White House senior adviser Stephen Miller smiled as he volunteered to “take one actual last question” at Wednesday’s news briefing, before press secretary Sarah Huckabee Sanders returned to the podium. He probably wishes he’d gone ahead and ceded the floor.
Seven minutes later, Miller found himself apologizing to CNN’s Jim Acosta over the fiery, bizarre, combative and confusing exchange that had just ended. The dialogue culminated in the senior White House aide lobbing insults at a member of the White House press corps, prompting Acosta to note that he’d just been called “ignorant” on television.
The explosive episode occurred as Miller took questions from reporters on a bill endorsed Wednesday by President Donald Trump that seeks to cut legal immigration to the United States in half. The policy would favor would-be immigrants with advanced skills, education and mastery of English.
Miller dismissed questions about the Trump Organization’s hiring of foreign workers and sparred with a reporter who asked what research backed up the policy proposal. But it was Acosta, who’d had testy exchanges with other White House officials at the same podium, whose questions raised the tension in the room.
Acosta, the last reporter called on, recited a portion of “The New Colossus,” the poem engraved on the pedestal of the Statue of Liberty. The sonnet “doesn’t say anything about speaking English or being able to be a computer programmer,” Acosta said. “Aren’t you trying to change what it means to be an immigrant coming into this country if you’re telling them you have to speak English? Can’t people learn how to speak English when they get here?”
Miller replied that speaking English is part of the U.S. naturalization process, and he said the poem Acosta referenced is “not actually part of the original Statue of Liberty” but was added later.
Miller’s defense, Acosta said, “sounds like some National Park revisionism.”
“The Statue of Liberty has always been a beacon of hope to the world for people to send their people to this country, and they’re not always going to speak English, Stephen,” said Acosta, who said his own father immigrated to the United States from Cuba in 1962. “They’re not always going to be highly skilled.”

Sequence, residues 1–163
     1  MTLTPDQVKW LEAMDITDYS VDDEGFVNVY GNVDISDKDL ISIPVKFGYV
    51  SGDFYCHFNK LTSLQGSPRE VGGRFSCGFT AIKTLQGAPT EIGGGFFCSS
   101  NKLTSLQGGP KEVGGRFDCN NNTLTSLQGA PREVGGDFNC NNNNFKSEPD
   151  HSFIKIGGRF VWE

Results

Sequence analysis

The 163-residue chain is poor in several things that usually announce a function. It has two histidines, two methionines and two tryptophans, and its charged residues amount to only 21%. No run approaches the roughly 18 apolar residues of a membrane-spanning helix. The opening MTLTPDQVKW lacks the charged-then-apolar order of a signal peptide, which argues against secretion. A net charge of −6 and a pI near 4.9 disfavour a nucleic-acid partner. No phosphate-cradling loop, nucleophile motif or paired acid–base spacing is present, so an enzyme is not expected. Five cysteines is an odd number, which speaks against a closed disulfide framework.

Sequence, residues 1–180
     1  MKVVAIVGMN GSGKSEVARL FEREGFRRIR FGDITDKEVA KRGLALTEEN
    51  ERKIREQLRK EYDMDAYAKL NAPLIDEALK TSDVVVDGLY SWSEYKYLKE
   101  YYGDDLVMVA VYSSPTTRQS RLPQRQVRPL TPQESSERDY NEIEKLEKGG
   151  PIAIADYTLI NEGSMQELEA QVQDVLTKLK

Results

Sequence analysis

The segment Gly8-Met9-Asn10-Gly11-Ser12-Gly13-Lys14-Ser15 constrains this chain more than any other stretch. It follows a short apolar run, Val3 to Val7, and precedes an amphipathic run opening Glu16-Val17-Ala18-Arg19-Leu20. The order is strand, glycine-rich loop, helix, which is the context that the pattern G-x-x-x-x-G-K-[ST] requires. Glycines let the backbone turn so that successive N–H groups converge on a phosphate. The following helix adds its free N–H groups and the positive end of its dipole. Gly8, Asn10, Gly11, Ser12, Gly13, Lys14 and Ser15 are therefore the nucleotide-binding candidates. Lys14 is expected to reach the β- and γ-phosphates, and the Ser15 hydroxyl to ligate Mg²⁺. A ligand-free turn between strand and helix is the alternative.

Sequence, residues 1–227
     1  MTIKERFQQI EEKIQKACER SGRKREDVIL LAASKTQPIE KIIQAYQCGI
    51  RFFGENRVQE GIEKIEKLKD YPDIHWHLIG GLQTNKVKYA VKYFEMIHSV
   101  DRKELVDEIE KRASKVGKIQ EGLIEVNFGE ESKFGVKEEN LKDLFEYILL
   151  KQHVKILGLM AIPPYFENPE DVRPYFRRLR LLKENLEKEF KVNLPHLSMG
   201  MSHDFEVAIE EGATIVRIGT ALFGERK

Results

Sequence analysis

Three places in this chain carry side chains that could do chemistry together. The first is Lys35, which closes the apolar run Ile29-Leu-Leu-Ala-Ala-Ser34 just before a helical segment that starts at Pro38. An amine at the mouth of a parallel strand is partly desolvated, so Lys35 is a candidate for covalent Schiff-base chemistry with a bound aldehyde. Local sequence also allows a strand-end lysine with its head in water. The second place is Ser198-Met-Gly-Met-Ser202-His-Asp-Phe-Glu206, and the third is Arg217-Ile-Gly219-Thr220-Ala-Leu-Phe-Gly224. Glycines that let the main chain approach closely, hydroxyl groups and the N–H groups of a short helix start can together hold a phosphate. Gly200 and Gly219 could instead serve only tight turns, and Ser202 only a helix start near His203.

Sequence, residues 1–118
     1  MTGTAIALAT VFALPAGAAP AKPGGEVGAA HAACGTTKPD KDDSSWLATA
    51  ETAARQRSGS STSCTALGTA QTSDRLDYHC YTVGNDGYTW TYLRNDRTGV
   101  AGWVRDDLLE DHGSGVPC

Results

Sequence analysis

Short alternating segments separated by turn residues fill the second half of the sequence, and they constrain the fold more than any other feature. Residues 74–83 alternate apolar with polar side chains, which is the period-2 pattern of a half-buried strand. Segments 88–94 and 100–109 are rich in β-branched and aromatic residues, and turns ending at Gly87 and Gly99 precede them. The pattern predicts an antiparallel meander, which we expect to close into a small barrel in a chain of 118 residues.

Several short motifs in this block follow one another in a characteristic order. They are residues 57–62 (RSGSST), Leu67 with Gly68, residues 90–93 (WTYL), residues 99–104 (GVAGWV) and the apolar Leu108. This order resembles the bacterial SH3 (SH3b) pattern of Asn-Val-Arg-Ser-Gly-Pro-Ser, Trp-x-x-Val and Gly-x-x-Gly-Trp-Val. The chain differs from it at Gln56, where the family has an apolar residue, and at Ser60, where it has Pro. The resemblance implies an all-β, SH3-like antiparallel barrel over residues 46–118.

“Jim, I appreciate your speech,” Miller shot back. “Tell me what years meet Jim Acosta’s definition of the Statue of Liberty poem law of the land?” Miller demanded, his voice rising.
It wasn’t immediately clear what the “Statue of Liberty poem law of the land” was, but the jab-trading continued. Acosta said Miller’s comments seemed to diverge from “what the United States has been about,” and Miller said the CNN reporter’s ideas were “shockingly a-historical.” When Acosta mentioned Trump’s proposed wall at the Mexican border, Miller took umbrage.
“Surely, Jim, you don’t actually think that a wall affects green card policy? You couldn’t possibly believe that, do you?” Miller asked. “I want to be serious, Jim. Do you really at CNN not know the difference between green card policy and illegal immigration? You really don’t know that?”
Acosta returned to the policy’s preference for English speakers, saying many immigrants learn the language later in life. “Are we just going to bring in people from Great Britain and Australia?” he asked.
“Jim, I can honestly say I am shocked at your statement that you think that only people from Great Britain and Australia would know English,” Miller responded. “Actually, it reveals your cosmopolitan bias to a shocking degree.”
But he took the strongest offense when Acosta said the proposed policy appeared to be an effort to “engineer the racial and ethnic flow of people into this country.”
“Jim, that is one of the most outrageous, insulting, ignorant and foolish things you’ve ever said … the notion that you think that this is a racist bill is so wrong and so insulting,” Miller said. (Acosta contended that he never said the legislation was racist.)
“Insinuations like Jim made, trying to ascribe nefarious motives to a compassionate immigration measure designed to help newcomers and current arrivals alike, is wrong,” Miller said.
Finally, things began to wrap up, but the reckoning continued.
“You called me ignorant on national television,” Acosta recalled.
“I apologize, Jim, if things got heated, but you did make some pretty rough insinuations,” Miller said.
He stepped aside for Sanders to take questions on other topics, but he got in one last remark to the assembled reporters: “I think that went exactly as planned.”
“Thank you,” Sanders said when she regained command of the podium. “That was exciting.”
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